LetterGeneralAssembly1810.jpg

 

Holloway Whitefield Hunt, who graduated from Princeton Seminary in 1822, had an “honorable and pious ancestry,” which included several relatives who were devoted pastors. His father was the Reverend Gardiner Augustine Hunt. His paternal grandfather (for whom Hunt’s Point, New York, was named) lost everything in the Wyoming Massacre of the Revolutionary War, when combined British and Iroquois forces attacked Wyoming Valley, burning houses, destroying crops, and capturing and killing many residents. After the massacre, his grandfather told one of his sons (Holloway’s uncle) to go and seek a life for himself, saying, “All I have to give you is a dollar, and to seek for you the blessing of God.” This son went off to become a Methodist minister and later attended the College of New Jersey (as Princeton University was then called). Holloway Whitefield Hunt was named after this uncle, and later went to live with him after his mother died when he was only thirteen years old. Hunt later studied at Brick Academy, where he discovered his own calling to ministry. He soon followed his uncle’s footsteps to the College of New Jersey and then to Princeton Theological Seminary in 1819.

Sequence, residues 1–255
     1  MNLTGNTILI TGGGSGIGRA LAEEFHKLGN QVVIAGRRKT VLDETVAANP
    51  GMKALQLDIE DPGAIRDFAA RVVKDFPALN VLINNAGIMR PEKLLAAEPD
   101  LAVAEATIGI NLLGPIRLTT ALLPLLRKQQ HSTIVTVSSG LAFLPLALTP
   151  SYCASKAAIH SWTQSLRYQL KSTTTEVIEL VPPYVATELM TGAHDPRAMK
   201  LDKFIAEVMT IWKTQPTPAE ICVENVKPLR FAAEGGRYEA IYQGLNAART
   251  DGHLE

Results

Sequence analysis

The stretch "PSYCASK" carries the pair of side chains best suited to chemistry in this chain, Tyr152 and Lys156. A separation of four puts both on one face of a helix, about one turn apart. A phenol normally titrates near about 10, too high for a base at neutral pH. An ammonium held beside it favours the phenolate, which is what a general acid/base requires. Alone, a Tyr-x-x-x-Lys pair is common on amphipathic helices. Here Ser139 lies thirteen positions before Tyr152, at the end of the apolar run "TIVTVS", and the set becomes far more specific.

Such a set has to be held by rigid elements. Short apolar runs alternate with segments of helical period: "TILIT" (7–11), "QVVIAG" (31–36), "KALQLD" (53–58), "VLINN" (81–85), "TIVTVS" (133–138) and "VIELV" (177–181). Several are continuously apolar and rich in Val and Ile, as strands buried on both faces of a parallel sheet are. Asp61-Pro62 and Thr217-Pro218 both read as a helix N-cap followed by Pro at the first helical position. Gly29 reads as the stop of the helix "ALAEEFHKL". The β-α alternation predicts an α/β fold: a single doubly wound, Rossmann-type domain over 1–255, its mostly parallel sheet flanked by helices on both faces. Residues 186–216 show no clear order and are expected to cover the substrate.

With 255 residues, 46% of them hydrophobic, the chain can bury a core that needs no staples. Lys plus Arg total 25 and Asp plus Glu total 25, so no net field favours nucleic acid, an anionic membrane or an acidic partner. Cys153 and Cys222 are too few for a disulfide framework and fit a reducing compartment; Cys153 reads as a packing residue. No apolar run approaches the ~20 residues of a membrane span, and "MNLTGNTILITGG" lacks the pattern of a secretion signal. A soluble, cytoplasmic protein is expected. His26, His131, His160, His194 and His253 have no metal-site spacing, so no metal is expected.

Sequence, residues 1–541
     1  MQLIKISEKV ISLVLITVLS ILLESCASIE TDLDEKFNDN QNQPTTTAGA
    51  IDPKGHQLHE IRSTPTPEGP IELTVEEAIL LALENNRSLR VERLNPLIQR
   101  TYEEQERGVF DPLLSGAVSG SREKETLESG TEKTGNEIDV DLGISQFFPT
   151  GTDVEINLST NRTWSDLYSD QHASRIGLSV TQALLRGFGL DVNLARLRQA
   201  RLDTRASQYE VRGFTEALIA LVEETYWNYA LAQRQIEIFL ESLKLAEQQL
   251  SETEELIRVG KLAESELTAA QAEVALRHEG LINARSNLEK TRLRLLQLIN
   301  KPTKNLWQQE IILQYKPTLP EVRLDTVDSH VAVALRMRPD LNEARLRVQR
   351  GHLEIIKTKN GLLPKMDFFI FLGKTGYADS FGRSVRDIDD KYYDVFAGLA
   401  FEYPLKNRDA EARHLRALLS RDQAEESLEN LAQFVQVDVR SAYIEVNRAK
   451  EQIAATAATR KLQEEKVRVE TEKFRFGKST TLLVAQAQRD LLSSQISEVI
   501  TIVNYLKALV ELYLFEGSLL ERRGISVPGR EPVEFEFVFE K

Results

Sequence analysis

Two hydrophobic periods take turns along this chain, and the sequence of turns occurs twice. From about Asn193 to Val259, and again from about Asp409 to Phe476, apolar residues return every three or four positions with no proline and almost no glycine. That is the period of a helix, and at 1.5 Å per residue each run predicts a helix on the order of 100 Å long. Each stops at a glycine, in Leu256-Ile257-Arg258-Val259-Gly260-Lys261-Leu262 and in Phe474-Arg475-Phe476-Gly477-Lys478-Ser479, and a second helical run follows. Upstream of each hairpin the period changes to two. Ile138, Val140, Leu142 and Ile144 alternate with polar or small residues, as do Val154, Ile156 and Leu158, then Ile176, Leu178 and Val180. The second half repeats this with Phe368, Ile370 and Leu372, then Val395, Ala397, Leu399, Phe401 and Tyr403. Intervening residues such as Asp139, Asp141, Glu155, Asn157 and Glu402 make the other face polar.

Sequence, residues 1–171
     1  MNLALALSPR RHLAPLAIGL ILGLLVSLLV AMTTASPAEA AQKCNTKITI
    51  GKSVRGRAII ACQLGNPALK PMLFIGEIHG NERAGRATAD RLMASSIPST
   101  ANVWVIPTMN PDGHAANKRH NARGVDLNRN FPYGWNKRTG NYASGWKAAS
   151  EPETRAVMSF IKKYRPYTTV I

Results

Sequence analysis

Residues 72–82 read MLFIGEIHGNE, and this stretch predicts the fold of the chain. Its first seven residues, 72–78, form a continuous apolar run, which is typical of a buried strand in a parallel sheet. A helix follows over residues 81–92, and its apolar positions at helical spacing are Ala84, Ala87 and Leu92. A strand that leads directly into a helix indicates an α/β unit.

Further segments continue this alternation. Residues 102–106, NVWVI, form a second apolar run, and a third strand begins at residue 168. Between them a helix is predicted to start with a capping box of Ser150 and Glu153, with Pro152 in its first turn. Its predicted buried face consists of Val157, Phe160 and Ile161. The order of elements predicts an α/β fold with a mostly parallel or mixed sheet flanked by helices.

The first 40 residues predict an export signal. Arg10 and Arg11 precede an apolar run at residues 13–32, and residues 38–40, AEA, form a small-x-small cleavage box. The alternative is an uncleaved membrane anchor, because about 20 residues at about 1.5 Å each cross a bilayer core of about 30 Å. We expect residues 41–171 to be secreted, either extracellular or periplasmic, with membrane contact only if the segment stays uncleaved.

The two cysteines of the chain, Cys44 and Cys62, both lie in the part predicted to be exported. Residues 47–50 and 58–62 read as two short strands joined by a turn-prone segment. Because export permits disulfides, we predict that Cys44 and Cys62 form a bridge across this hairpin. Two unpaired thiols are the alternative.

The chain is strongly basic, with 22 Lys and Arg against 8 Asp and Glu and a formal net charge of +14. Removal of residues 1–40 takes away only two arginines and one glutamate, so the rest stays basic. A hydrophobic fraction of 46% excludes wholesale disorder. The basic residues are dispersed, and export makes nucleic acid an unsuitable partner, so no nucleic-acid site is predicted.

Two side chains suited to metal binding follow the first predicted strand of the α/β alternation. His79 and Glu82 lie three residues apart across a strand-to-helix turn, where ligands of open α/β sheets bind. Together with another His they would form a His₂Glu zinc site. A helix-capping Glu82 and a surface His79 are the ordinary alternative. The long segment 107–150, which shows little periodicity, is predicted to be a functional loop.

Hunt was an enthusiastic student of Hebrew, and delighted in careful exegesis, which he kept as a spiritual practice throughout his life. During his lifetime, he served as a pastor in New York State and South Carolina, and also helped organize a new Presbyterian congregation in Newark, New Jersey. In 1928, he was called to a congregation in Metuchen, New Jersey, where he remained the longest, for the next eighteen years. Hunt’s “life-long habits were those of a theological student…. he never seemed to tire of the study and exposition of the word.” He continued to write sermons well into his late seventies and early eighties, “long after he had any expectation of preaching all the sermons he wrote.” Hunt served his congregation with care and devotion, preaching, teaching, and visiting church members in their homes. He was remembered by the community as “a man of warm heart, gentle, humble, prayerful, and greatly beloved.” He died at age 83, after serving as a faithful minister of the gospel for sixty years.